AUGUSTA, Maine — In her first targeted response to Maine’s opioid crisis, Gov. Janet Mills signed a Wednesday order aiming to boost addiction treatment and setting aside $1.6 million to expand access to an overdose antidote and recovery coaches in health care settings.
Fighting opioid addiction has been an early priority for the new Democratic governor after fentanyl and heroin drove Maine’s overdose death total to 418 in 2017. The same year, approximately 7 percent of all babies born in the state were affected by opiates or other drugs.
Like many states, Maine has struggled with a lack of treatment capacity. A federal estimate said between 25,000 and 30,000 people here want to enroll in a recovery program but can’t access one. On a single day in 2015, less than 5,300 people were being treated with one of the two most common medications used to treat opioid addiction, according to the federal government.
In just more than a month as governor, Mills has named an opioid response czar and expanded Medicaid to more than 3,200 people under the first executive order of her administration. It’s unclear so far how many people are being treated for addiction under expansion.
On Wednesday, she signed another executive order that set a state goal of boosting medication-assisted treatment in health care settings, jails and prisons, expanding access to naloxone, an opioid overdose antidote and taking long-term action to boost prevention efforts.
It is backed by $1.6 million in existing state and federal funds that Gordon Smith, Mills’ opioid response director, said will be used to buy 35,000 doses of naloxone to distribute throughout the state and train 250 recovery coaches — and install coaches in 10 emergency rooms.
Recovery coaches — who are usually volunteers — can help develop a recovery plan and connect a patient to services. Smith said there are about 600 coaches statewide now, but not all hospitals have them and their schedules and the circumstances of their training can be uneven.
“I consider it a down payment to get these things out where they need to be,” Smith said of the opioid package at a news conference alongside Mills on Wednesday.
Mills’ executive order continues an early trend of her administration — paying for new initiatives with existing funds. In January, the new governor expanded Medicaid using surplus funds after the voter-approved expansion was delayed for most of a year by former Gov. Paul LePage.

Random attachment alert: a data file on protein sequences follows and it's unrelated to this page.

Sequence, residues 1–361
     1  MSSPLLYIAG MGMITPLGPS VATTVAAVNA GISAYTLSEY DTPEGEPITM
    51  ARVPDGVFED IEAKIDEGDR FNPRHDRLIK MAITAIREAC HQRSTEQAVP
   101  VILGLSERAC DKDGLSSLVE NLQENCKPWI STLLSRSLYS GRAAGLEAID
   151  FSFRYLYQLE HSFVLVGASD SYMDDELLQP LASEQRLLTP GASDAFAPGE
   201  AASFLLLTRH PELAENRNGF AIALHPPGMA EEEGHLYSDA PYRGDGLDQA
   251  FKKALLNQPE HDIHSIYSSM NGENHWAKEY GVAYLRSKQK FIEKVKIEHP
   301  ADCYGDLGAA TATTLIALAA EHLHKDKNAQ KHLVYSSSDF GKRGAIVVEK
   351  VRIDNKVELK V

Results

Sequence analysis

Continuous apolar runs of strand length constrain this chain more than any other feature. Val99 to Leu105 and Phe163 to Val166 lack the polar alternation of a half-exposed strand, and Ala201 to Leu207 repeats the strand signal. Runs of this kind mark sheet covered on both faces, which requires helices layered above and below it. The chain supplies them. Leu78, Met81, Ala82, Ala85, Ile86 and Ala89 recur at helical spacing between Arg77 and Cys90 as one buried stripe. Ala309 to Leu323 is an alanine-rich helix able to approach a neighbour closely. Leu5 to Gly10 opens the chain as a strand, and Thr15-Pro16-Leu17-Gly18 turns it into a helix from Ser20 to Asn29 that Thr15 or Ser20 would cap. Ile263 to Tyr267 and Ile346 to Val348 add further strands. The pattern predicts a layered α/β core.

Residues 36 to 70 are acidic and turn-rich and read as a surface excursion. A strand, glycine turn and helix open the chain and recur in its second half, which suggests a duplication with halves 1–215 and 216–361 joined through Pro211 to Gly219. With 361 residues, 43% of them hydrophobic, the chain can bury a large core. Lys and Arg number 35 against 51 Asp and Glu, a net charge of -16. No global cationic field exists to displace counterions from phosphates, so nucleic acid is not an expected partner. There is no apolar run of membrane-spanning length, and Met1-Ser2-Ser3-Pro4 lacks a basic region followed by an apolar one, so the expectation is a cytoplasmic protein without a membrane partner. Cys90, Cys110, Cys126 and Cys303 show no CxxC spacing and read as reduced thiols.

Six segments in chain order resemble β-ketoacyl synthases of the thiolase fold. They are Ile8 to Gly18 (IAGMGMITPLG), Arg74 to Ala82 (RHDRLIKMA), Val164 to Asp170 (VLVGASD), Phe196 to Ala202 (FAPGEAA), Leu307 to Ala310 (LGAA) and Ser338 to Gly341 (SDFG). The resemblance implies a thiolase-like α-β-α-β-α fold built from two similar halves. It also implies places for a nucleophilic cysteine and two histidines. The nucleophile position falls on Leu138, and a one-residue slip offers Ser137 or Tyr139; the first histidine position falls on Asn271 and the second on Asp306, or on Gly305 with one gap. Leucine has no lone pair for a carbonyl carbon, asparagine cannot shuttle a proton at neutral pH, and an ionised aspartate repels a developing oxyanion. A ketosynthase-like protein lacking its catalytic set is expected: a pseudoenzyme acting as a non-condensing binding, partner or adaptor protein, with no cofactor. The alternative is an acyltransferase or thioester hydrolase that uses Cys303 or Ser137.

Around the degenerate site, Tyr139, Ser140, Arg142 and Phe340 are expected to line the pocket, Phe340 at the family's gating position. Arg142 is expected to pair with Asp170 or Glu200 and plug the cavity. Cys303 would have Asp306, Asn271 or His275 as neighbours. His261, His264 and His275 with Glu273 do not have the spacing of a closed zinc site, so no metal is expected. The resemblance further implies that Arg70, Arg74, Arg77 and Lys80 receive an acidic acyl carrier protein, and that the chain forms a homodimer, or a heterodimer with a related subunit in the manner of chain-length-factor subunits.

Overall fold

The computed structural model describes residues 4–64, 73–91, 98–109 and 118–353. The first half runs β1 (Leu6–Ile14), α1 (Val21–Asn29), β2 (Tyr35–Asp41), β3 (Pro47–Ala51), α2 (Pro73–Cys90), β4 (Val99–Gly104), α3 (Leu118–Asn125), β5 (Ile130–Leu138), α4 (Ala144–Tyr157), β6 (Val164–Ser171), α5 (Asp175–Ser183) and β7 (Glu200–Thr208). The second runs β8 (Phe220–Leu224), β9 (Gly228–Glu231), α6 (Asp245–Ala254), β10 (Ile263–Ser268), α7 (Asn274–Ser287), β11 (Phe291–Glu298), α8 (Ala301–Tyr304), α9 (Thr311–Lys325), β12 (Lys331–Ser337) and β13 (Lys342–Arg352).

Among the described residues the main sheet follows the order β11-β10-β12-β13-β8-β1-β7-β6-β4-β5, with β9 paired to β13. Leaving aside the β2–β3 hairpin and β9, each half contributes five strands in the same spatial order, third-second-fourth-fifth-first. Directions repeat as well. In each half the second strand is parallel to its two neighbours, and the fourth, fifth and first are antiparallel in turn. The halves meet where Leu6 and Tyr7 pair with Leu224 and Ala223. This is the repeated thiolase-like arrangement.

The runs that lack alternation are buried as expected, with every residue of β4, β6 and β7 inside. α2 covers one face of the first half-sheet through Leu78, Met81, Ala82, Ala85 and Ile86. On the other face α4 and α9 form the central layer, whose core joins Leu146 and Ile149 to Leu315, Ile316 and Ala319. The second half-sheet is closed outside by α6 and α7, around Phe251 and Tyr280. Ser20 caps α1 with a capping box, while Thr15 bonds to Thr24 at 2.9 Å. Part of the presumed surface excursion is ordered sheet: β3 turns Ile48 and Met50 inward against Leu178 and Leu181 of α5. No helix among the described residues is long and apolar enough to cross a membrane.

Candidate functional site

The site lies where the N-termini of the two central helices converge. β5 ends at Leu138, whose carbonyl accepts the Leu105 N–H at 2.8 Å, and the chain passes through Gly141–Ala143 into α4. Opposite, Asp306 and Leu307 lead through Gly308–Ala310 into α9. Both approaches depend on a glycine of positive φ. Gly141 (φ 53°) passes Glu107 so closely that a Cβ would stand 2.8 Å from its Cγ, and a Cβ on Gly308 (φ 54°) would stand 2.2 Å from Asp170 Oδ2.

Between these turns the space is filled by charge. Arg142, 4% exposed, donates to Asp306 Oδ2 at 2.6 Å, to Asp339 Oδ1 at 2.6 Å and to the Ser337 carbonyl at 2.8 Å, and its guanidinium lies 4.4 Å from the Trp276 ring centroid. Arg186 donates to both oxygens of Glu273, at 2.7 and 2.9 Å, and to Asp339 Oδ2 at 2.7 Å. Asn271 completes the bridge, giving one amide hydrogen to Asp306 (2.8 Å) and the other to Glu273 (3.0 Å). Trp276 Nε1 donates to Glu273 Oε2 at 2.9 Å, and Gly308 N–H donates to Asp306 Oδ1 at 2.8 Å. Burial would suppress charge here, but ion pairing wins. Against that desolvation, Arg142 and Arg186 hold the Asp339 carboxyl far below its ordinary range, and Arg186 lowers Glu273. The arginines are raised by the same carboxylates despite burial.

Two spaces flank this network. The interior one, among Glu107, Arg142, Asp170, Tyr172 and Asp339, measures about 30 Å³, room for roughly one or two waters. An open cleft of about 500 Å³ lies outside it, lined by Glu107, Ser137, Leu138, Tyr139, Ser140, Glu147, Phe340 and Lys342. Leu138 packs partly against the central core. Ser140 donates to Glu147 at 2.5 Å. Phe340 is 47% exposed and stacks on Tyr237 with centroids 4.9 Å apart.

Her order editorialized that past addiction responses have been “inadequate,” a view that most experts share and a dig at LePage, a Republican who once said naloxone “merely extends” lives. His administration’s opioid health home model had success in 2018 after a bad start.
Many of the changes that Mills wants to make will require legislation. On Wednesday, she said she is targeting the state’s two-year caps on Medicaid treatment using methadone and suboxone. She has also called for raising Medicaid reimbursement rates for treatment.
Wednesday’s order underscores financial constraints that Mills is operating under. It said Smith will be tasked with funding the order’s initiatives without state tax money. She has said her two-year budget proposal — which is due to the Legislature on Friday — won’t raise taxes while increasing funding for schools and providing long-term Medicaid expansion funding.
In a statement, legislative Republicans commended the order, which they hoped would be followed by “a dynamic process” that includes measures of success. House Speaker Sara Gideon, D-Freeport, said she was “heartened to see long-awaited action on this epidemic.”
Mark Publicker, a Portland-based addiction treatment specialist who has been a leading critic of the state’s response, called the package “excellent” as a framework of priorities on Wednesday, though he quibbled with the focus on recovery coaches and said the first priority for funding should be reimbursement rates and medication-assisted treatment.
“Honestly, I think had these been put into place under the last governor, I don’t know how many people’s lives would have been saved, but it’s probably in the thousands,” he said.
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